On 14 September 2010, the Senate Economics References Committee (Committee) released a report recommending reforms to Australia’s current insolvency regime (Report) in the following key areas:

  •  the regulation of the insolvency regime
  •  the registration of insolvency practitioners, and
  •  the remuneration of insolvency practitioners.

Implications

If the recommendations contained in the Report are enacted in legislation, stakeholders may be affected in the following ways:

  •  insolvency practitioners will be subject to:
  •  a licensing regime which will involve a closed book examination prior to the granting of a license and continuing education requirements
  •  investigations into their conduct, which may be performed on a random basis or subject to risk profiling of the practitioner, and
  •  greater transparency regarding their fees and disciplinary action taken against insolvency practitioners
  •  commercial lawyers with at least five years experience and individuals who hold an MBA with at least five years commercial experience may be eligible to become corporate insolvency practitioners, and
  •  creditors will benefit from a single dedicated regulator to monitor insolvency and increased transparency with regards to insolvency practitioners fees.

Regulation

In Australia, company insolvencies are currently regulated under the Corporations Act 2001 (Cth) (Corporations Act) by the Australian Securities and Investments Commission (ASIC), while personal bankruptcies are regulated under the Bankruptcy Act 1966 (Cth) by the Insolvency and Trustee Services Australia (ITSA).

The Report states that due to ASIC’s large portfolio, ASIC’s procedures for investigating the conduct of insolvency practitioners are neither proactive nor timely.

As a result, the Report recommends transferring the corporate insolvency arm of ASIC to a new body under ITSA, the Australian Insolvency Practitioners Authority (AIPA). If the recommendation is implemented, the Committee believes Australia’s insolvency regime will become more efficient as ITSA will be the sole regulator of the personal and corporate insolvency regime and Australia will be able to better identify opportunities to harmonise personal and corporate insolvency laws.

The Report also recommends the following additional changes to Australia’s current insolvency regulation framework:

  •  Ending the complaints-based approach to investigations currently utilised by ASIC.
  •  Establishing a sub-committee of the AIPA to be known as the ‘flying squad’. The role of the flying squad would be to perform pro-active investigations regarding conduct of insolvency practitioners either on a random basis or by risk profiling the practitioner.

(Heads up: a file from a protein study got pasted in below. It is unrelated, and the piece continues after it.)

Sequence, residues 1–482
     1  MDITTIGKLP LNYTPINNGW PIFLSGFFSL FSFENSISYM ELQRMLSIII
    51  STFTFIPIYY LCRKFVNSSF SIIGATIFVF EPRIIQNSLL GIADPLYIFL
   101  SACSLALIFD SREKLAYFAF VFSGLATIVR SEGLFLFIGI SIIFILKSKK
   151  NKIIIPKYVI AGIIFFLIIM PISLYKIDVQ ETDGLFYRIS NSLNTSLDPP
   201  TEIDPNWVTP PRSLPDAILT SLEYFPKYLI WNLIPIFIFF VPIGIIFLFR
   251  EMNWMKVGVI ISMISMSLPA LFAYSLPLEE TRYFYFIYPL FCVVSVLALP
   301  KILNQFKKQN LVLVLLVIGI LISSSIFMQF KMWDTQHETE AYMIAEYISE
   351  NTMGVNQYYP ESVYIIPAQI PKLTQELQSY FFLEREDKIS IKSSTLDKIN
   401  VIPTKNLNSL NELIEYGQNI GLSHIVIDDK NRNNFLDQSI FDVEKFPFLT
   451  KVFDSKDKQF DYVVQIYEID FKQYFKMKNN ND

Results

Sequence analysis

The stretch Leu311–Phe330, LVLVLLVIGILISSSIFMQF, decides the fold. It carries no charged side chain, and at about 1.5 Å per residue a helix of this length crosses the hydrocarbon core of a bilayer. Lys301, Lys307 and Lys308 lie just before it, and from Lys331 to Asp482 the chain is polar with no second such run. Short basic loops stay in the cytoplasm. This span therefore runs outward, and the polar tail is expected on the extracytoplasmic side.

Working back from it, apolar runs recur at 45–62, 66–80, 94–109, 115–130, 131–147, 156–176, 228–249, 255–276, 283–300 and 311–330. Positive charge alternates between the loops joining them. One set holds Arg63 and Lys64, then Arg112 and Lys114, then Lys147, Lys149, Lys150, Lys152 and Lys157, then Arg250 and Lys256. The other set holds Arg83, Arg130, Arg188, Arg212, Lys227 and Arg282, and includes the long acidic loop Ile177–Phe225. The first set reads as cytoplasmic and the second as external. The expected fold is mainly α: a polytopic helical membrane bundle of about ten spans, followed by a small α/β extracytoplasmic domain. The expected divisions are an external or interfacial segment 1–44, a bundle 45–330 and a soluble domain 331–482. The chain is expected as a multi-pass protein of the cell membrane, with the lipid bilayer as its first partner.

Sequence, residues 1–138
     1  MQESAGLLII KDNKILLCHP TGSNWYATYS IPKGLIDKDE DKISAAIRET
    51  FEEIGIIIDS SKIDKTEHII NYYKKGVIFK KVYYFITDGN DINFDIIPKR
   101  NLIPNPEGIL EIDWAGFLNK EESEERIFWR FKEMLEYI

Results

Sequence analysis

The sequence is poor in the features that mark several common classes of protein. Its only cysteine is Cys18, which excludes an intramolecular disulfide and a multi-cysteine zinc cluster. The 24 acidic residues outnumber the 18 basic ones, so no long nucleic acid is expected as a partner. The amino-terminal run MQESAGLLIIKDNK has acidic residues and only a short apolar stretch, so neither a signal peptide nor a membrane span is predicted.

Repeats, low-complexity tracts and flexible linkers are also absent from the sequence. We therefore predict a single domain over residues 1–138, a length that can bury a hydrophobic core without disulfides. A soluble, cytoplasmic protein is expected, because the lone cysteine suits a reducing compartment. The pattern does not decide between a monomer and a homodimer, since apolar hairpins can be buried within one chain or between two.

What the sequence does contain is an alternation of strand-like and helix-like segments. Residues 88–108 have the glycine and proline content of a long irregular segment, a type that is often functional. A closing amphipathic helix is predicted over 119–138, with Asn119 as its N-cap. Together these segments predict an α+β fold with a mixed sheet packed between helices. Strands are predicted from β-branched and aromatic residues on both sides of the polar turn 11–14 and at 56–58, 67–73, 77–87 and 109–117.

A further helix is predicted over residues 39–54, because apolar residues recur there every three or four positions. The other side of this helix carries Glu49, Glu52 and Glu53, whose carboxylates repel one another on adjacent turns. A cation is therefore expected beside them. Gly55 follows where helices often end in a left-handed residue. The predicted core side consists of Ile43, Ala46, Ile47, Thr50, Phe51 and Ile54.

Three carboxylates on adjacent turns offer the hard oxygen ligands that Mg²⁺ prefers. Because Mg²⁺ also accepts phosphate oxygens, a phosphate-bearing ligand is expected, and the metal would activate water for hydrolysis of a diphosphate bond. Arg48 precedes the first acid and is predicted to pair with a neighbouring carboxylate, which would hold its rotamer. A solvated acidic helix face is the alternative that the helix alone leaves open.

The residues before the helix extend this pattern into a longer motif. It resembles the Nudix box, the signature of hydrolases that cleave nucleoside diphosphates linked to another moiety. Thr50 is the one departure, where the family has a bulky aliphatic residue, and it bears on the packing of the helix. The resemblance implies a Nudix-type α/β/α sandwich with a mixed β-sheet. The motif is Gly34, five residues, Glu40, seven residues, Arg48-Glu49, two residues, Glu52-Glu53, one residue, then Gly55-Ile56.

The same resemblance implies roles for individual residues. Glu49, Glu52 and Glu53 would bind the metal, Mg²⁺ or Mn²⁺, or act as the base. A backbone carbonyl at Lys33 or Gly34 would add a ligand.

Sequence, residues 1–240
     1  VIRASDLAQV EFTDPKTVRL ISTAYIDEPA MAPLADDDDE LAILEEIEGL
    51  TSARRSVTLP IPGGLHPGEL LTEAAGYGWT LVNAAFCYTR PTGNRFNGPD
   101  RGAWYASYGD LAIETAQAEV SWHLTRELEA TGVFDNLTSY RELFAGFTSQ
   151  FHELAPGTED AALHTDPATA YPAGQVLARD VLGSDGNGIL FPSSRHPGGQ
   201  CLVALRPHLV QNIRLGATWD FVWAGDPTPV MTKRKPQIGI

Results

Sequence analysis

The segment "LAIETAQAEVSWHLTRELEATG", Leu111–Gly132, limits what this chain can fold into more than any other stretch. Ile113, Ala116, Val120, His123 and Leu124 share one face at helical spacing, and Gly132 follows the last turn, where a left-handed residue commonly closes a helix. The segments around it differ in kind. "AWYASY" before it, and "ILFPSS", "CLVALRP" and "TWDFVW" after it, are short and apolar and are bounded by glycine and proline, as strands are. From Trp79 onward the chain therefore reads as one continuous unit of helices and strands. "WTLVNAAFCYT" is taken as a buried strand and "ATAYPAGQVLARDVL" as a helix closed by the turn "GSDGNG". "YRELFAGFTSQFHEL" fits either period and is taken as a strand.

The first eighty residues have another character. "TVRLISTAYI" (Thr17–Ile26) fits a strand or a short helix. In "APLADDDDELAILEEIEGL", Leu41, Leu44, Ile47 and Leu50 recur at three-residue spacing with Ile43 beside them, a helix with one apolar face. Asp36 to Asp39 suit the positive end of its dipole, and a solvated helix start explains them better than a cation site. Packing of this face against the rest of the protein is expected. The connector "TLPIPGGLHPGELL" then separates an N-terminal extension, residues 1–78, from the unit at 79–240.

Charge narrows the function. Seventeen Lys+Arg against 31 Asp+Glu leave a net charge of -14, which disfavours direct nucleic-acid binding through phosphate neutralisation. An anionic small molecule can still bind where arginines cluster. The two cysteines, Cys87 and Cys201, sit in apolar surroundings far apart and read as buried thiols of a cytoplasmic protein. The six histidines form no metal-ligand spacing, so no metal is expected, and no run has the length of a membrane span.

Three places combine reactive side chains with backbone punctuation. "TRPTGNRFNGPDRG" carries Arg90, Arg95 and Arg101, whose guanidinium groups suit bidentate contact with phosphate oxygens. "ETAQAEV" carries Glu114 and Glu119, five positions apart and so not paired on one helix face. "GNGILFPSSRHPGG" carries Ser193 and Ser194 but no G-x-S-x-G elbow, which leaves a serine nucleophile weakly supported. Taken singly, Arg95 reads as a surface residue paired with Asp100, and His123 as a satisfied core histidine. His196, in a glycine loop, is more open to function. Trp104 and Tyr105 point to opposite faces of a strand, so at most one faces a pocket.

• Increasing transparency regarding disciplinary action taken by the Companies Auditors and Liquidators Disciplinary Board (CALDB) against the practitioner.

Licensing

In order to better protect the interests of creditors and insolvent companies, the Report recommends the implementation of a new licensing regime for insolvency practitioners. In order to be eligible for a license, an insolvency practitioner must have passed a closed book exam administered by the AIPA and will be subject to continuing professional education requirements.

To further improve creditor protection, the Committee has recommended that a practitioner’s license be suspended where a practitioner is not adequately insured or if a matter referred to the CALDB is of sufficient concern to warrant suspension.

Remuneration

The Committee has indicated that a number of complaints have been made about insolvency practitioners overcharging for their services. The Committee states that one reason insolvency practitioners are able to charge an excess fee is the lack of competition in the insolvency profession. In order to increase competition, the Committee has recommended that the Corporations Act be amended to expand the eligibility criteria for insolvency practitioners. The Committee proposes that Australian commercial lawyers with at least five years’ post-admission experience and individuals who hold a MBA and who have at least five years commercial experience will be eligible to be registered as a liquidator.

The Committee has stated that a further reason why insolvency practitioners are overcharging is the lack of transparency regarding their fees. In response, the Committee has recommended requiring insolvency practitioners to disclose their fees in compliance with the remuneration report template established by the Insolvency Practitioners Association of Australia’s Code of Professional Practice, and allowing the insolvency regulator to suspend the practitioners’ license if they believe overcharging has occurred.

Conclusion

The Committee has recommended significant reforms to Australia’s current insolvency framework, including replacing ASIC as the regulator of corporate insolvency and introducing both a new licensing regime and new disclosure requirements to practitioner’s fees. It is yet to be seen whether the Government will implement any of the recommendations contained in the Report.